by John Stewart
The news last week that deaths from stroke, heart and circulatory disease are up to 20% higher in areas under the Heathrow with high levels of aircraft noise than in places with the least noise is startling. But is it true?
Dramatic findings, but true?
Within hours of the release of the report, Back Heathrow (http://www.backheathrow.org/), the Heathrow Airport funded body promoting the expansion of the airport, had countered by pointing out that just days earlier researchers had found that Richmond – right under the flight path – was the healthiest place in Britain. A survey showed that men in Richmond could expect to enjoy 70 years of healthy living (women 72). Wokingham, Surrey and Windsor – all places affected by aircraft noise – also featured high up in the list.http://www.dailymail.co.uk/news/article-2424383/Richmond-Thames-place-long-healthy-life.html
Both pieces of research were carried out by credible researchers. Can they be reconciled? I believe they can. Firstly, and most importantly, the researchers were looking at different things: it is quite possible to live in Richmond, Wokingham or Windsor and both expect to have 70 healthy years of life and have a 20% greater chance of dying of a stress-related illness.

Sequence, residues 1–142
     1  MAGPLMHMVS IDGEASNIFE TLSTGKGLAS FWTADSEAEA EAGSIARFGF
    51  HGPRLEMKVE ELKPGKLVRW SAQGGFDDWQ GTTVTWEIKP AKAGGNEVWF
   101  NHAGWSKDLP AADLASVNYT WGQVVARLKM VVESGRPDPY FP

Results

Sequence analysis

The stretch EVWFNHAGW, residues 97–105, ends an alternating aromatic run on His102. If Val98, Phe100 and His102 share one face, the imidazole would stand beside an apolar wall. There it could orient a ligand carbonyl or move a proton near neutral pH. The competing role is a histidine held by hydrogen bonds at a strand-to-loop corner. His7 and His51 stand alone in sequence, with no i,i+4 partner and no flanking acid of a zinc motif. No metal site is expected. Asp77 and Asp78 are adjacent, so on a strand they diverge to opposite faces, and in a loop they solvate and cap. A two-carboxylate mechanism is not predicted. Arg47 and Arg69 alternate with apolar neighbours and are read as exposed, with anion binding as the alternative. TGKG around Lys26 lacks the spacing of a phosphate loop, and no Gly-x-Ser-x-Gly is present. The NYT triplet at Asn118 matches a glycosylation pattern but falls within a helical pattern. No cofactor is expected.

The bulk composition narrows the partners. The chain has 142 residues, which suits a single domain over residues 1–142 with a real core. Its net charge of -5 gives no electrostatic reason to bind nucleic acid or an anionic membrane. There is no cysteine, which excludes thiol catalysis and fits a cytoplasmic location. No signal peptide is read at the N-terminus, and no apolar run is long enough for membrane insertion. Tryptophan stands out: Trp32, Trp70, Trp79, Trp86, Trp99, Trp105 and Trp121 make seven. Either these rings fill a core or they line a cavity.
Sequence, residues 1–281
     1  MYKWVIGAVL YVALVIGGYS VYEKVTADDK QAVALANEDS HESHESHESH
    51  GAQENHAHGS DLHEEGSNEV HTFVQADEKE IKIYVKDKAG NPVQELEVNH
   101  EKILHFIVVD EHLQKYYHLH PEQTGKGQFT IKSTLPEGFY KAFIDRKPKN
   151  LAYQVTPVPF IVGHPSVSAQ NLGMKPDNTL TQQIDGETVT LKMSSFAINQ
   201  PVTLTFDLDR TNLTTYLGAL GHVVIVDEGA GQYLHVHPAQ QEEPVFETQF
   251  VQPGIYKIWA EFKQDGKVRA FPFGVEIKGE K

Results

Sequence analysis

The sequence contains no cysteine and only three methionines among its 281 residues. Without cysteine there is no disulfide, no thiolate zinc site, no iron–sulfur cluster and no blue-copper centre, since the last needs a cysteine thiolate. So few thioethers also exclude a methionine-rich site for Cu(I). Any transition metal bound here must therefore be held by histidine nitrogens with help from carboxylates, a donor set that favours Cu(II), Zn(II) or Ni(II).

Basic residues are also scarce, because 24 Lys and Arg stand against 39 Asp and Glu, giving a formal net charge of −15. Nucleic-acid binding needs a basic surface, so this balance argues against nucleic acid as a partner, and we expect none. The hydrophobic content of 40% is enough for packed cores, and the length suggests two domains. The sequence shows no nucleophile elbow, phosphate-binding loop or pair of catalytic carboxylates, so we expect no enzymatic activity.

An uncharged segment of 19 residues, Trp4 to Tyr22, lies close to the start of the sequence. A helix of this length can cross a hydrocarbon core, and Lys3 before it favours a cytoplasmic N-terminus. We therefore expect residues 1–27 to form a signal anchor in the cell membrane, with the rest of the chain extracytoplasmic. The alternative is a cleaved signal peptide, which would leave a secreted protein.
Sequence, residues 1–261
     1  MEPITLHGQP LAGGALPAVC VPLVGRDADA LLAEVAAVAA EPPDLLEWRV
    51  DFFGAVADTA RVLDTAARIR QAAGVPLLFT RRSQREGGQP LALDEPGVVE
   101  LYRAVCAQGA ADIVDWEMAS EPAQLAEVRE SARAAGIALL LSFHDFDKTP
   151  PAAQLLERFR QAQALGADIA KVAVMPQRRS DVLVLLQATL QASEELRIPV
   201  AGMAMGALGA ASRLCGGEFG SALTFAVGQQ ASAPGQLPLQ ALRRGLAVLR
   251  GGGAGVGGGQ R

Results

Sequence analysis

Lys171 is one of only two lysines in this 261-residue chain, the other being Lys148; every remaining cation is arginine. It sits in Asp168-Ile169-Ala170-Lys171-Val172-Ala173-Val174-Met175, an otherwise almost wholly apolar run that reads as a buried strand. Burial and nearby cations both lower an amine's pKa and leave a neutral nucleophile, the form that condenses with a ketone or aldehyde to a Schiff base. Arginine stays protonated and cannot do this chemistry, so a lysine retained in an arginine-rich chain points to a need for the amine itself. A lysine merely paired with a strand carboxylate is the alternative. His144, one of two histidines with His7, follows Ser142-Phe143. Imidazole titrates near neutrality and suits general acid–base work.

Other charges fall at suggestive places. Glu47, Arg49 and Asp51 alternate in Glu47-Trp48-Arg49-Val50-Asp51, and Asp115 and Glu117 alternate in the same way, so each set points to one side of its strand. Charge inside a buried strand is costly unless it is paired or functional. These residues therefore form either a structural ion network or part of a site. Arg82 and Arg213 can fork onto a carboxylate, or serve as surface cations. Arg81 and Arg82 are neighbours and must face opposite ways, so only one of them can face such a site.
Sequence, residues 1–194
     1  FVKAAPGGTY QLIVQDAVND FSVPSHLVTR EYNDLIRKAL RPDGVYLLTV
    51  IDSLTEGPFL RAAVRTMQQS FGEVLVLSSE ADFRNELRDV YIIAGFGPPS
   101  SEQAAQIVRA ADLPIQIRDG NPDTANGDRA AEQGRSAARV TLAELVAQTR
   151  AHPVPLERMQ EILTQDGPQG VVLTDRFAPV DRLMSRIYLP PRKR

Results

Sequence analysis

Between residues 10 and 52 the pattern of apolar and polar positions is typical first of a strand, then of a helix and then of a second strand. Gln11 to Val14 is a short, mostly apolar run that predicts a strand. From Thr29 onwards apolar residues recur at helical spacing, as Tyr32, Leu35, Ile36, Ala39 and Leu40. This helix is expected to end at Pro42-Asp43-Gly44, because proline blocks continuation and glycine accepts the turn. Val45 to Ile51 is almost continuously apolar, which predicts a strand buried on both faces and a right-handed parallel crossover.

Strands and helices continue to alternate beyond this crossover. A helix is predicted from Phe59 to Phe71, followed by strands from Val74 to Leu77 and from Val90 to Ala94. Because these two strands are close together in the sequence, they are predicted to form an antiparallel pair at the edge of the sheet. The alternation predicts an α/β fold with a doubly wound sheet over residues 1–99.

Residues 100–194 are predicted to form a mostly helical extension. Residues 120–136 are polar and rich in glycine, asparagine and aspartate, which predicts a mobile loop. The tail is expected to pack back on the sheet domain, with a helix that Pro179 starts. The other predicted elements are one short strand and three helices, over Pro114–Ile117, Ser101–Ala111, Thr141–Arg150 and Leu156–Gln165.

And, secondly, the standing of the Heathrow flight path researchers –Imperial College– and the quality of their carefully-caveated research, covering 3.5 million people, makes the findings hugely important – http://www.bmj.com/content/347/bmj.f5432 This is why it was extensively covered in the media. So far, Governments have ignored all similar research which has shown a consistent link between aircraft noise – indeed noise generally – stress and ill-health. They didn’t deny the findings but presumably felt that some ill-health and early deaths was a price worth paying for the economic benefits aviation brought.
Influence Airports Commission?
It is too early to say whether this new research with its dramatic findings will suffer the same fate. What is certainly does do, though, is raise the stakes, particularly at this time when the Airports Commission is considering expansion of airports inLondonand the South East. Writing in the Independent the day after the research was released, Simon Calder argued, “48 hours ago a correlation between airport proximity and the risk of heart attacks or strokes was not in the public domain. Now that it is, the spectrum of harm from airports has extended from nuisance to a serious public health threat”http://www.independent.co.uk/voices/commentators/a-health-warning-that-could-stall-debate-on-expansion-of-our-airports-8867388.html
No wonder Back Heathrow was so quick to tweet its rebuttal.